By Taylor Dunlop | Contributor
Traitor, coward, activist, hero, whistleblower-in just the past couple of years, Edward Snowdenhas become something of a household name. Once a contractor and 'sysadmin' for the National Security Agency (NSA), Snowden was allowed to view many different parts of the system while he was stationed at Booz Allen Hamilton in Hawaii. With that level of clearance, Snowden obtained top secret NSA documents-documents that explained and exposed the mass data collection methods the NSA used on the public. Snowden now stands as one of the United States' most wanted criminals for treason and has since sought refuge in Russia. It is time he received clemency and returns home-he's earned it.
In his iconic novel "1984," George Orwell wrote, "Big Brother is watching." Edward Snowden proved it. The documents he shared with members of the British news agency The Guardian gave evidence for numerous illegal actions taken by the NSA: they've collected phone data from tens of millions of Americans as well as 35 world leaders; they've led more than 61,000hacking operations in China; they've placed numerous international embassies "under surveillance," according to bbc.com. Certain actions of the NSA, like the mass collection of phone metadata, were declared illegalin court (ACLU v. Clapper). These kinds of actions could strongly be declared unconstitutional. Snowden, at great personal cost, provided the evidence for the case against mass surveillance and exposed the NSA for what it is.
People might argue this mass surveillance is necessary for us to prevent terrorism. Bush thought the same thing when he signed the Patriot Act in October of 2001. Under Section 215of the Patriot Act, which allows for government agents to compel businesses to turn over records and documents, agents tripled their number of bulk data requests from 2004 to 2009. Since its inception in 2001, how many terrorist cases have been cracked using the Patriot Act? 10? Five? Three? 20? No-the correct answer is none. According to washingtontimes.com,"FBI agents can't point to any major terrorism cases they've cracked thanks to the key snooping powers in the Patriot Act . . ." There have been no terrorist attacks prevented using this technology. None.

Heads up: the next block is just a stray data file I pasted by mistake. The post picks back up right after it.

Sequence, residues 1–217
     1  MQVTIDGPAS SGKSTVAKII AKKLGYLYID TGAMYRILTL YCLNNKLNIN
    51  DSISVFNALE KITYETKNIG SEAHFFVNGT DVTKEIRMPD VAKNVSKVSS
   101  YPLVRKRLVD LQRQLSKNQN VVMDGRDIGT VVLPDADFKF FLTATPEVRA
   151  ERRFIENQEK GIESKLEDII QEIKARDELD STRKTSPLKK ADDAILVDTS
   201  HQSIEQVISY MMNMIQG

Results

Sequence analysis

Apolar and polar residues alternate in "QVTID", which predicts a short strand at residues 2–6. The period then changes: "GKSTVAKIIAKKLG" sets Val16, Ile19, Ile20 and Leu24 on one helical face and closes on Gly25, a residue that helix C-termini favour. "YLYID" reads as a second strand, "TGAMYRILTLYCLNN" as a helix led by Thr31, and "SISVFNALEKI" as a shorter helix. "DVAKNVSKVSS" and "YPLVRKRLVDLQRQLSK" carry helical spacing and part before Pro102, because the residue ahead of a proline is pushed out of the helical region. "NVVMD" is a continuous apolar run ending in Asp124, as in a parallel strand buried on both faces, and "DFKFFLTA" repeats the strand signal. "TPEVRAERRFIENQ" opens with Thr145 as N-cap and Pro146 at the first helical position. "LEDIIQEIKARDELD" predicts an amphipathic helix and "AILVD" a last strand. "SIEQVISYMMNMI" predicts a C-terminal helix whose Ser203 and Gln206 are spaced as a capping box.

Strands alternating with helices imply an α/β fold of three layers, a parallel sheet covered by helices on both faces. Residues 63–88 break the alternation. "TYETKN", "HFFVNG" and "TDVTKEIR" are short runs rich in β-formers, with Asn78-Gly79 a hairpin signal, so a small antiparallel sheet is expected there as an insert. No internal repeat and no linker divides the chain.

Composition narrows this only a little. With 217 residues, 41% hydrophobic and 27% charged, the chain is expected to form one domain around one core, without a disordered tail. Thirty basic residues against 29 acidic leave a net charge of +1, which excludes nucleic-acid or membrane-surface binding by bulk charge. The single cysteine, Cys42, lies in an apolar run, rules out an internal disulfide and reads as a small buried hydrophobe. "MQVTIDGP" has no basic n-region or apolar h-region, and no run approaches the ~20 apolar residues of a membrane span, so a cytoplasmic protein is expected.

Many other people would say to this, "Well, I have nothing to hide! So I don't mind my government collecting my information. I trust them." I've no problem with these people-good for them that they live such moral and upright lives. I would, however, urge them to consider the point made above on the constitutionality (and thus legality) of mass surveillance. A strong argument against this surveillance can be made from the clauses within the Fourth Amendment, which reads:
"The right of the people to be secure in their persons, houses, papers, and effects, against unreasonable searches and seizures, shall not be violated, and no Warrants shall issue, but upon probable cause, supported by Oath or affirmation, and particularly describing the place to be searched, and the persons or things to be seized."
I am not, by any means, attempting to perform the Supreme Court's job in stating this. But I do believe that this amendment must be considered in cases where the NSA-or any other governmental organization-attempts to collect our data. It is our property, after all.
Snowden brought all of this to our American dinner table. He called the NSA out for its illegal actions and informed the people about the existence of these practices. The man deserves to come home safely.
As Edward Snowden so poignantly said: "(I just don't want to live in a world) where everything that I say, everything that I do, everyone that I talk to, every expression of love or friendship is recorded."